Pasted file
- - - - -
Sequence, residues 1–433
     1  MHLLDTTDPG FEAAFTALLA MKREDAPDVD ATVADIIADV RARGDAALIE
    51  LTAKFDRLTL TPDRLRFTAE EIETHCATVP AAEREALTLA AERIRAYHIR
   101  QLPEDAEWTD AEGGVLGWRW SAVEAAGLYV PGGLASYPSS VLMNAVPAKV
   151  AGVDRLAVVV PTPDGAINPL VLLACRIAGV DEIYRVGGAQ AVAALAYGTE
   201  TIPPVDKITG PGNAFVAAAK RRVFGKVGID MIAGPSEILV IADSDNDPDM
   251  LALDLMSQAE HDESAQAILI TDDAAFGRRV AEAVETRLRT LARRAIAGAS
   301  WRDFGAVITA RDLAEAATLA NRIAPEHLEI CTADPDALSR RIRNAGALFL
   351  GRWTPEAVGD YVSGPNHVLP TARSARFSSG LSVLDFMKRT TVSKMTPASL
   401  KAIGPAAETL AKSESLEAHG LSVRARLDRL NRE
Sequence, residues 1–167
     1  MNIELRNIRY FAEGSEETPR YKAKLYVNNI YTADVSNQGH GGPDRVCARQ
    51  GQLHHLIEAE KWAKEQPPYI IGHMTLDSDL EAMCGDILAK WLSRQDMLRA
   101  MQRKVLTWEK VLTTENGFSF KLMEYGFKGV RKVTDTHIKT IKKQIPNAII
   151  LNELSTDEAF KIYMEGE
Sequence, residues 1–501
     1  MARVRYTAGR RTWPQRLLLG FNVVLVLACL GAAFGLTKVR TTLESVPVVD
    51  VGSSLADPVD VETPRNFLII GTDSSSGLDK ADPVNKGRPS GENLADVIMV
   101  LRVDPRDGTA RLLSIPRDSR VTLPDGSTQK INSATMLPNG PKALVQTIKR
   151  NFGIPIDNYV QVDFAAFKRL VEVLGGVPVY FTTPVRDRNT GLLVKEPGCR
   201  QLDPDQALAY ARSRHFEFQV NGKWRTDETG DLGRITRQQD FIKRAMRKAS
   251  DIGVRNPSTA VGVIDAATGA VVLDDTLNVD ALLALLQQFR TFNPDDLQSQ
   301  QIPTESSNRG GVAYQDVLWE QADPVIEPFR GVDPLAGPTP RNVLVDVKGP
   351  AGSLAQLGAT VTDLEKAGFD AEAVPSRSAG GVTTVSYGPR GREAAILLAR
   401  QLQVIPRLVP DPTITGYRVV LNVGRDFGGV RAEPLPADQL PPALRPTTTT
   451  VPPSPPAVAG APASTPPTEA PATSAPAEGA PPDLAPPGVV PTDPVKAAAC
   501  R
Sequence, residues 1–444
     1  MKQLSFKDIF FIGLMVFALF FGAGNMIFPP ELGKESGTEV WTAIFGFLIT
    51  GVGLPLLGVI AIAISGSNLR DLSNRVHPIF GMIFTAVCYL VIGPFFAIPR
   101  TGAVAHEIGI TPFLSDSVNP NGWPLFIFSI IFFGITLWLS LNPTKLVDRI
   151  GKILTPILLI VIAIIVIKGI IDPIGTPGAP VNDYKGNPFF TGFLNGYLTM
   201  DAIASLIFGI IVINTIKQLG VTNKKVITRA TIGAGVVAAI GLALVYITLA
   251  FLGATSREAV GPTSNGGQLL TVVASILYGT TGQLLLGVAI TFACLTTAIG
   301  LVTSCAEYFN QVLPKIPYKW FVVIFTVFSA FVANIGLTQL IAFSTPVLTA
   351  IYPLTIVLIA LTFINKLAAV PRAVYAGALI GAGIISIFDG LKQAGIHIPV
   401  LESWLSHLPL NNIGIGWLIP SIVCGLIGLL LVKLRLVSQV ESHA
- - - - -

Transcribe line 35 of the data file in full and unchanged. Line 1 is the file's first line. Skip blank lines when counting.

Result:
   301  LVTSCAEYFN QVLPKIPYKW FVVIFTVFSA FVANIGLTQL IAFSTPVLTA